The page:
On Sep 25, 2017, lightyellow from Ponte Vedra Beach, FL wrote:
These are cute little guys and are important native pollinators, they also are less aggressive than other bee species and are unlikely to sting. I of course wouldnt recommend an allergic person to futz with them but I have accidentally held one before and it didn't do anything and I also shoo them from my redbud and they don't do anything... same cannot be said of honeybees!
Some notes on their leaf-cutting behavior:
They don't take leaves year-round, only during times of nest building in my experience [did it June to July here in Florida].
They really favor thin, flat leaves for their use and seem to like my American redbud a little too much but they also eagerly cut up Desmodium incanum weeds (a recent invasive in my yard that I don't completely cul... read more
On May 23, 2009, BarbMarch58 from Wickliffe, OH wrote:
For the first time in 20 years of outdoor gardening, I found the leafcutter bee feasting merrily on our Rudbeckia leaves (bloom time has not hit us yet in Wickliffe, OH). It was able to make fairly perfect circles in a number of leaves - and in quick order. I'm not happy to see these for my plants' health and certainly hope they don't sting humans.
On Mar 10, 2009, janiemae1 from Crane, TX wrote:
Not sure if this is the kind of leaf cutter bee we have , but it does do alot of damage to trees, shrubs, etc. I have not found anything to get rid of these guys. If anyone comes up with some way to kill, or repel, please pass it on. I hate these little guys!
On Dec 21, 2008, jvivier from Las Vegas, NV wrote:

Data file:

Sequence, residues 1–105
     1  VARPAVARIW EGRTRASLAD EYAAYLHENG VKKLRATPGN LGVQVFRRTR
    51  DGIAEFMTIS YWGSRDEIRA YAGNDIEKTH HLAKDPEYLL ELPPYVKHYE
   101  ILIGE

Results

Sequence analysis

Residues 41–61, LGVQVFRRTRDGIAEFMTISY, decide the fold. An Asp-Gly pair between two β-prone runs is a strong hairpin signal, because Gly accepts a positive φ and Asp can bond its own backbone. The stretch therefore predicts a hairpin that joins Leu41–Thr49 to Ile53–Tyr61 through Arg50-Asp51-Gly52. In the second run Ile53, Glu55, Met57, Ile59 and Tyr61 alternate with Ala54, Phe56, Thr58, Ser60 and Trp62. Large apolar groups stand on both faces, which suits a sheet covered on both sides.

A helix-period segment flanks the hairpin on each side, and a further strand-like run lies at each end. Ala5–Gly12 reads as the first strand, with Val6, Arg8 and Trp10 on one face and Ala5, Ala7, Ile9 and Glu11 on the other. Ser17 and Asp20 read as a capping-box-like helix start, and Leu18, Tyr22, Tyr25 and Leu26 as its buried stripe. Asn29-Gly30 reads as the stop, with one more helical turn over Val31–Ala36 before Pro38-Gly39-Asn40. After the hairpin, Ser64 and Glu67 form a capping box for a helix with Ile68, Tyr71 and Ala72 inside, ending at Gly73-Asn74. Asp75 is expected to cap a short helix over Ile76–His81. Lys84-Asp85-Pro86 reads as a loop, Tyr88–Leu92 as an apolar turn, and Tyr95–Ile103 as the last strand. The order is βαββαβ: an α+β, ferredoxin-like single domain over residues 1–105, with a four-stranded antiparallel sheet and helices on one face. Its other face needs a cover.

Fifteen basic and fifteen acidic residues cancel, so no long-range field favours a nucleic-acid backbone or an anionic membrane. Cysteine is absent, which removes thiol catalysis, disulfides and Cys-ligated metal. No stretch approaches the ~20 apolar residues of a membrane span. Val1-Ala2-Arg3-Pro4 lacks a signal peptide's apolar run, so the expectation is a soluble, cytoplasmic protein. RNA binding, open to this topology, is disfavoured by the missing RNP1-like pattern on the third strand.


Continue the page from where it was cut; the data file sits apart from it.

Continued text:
The cutter-Bee is an infestation in Southern Nevada. It devastates
all trees or bushes with tender leaves or flowers. Many of my lagerstroemias (Crape Mirtyle ) have died for being deprived of most
of their leaves.
This bee is very difficult to kill because of its speed and I don't know
any chemical that can fight it.
Their action is simple: the bee cuts a first almost perfect circle of
leaf and takes it to the bottom of a hole in the trunk of a dead tree; this as food for the larvae it lays right after. Then it cuts another piece that it uses to obturate the hole to protect the larvae. I don't have a picture of a ravaged tree but next summer I will be spoiled for choice.
On Oct 16, 2006, kennyso from Markham, ON (Zone 5b) wrote:
If I'm not mistaken, these bees do not do damage [not to rose at least] but they will land on a rose leaf (not the petals) and cut a perfect circle in the middle of the leaf. Interesting bug, but I'm not sure I would want my rosees to have leaves with a circle in each! They do absolutely NO harm to the whole plant's health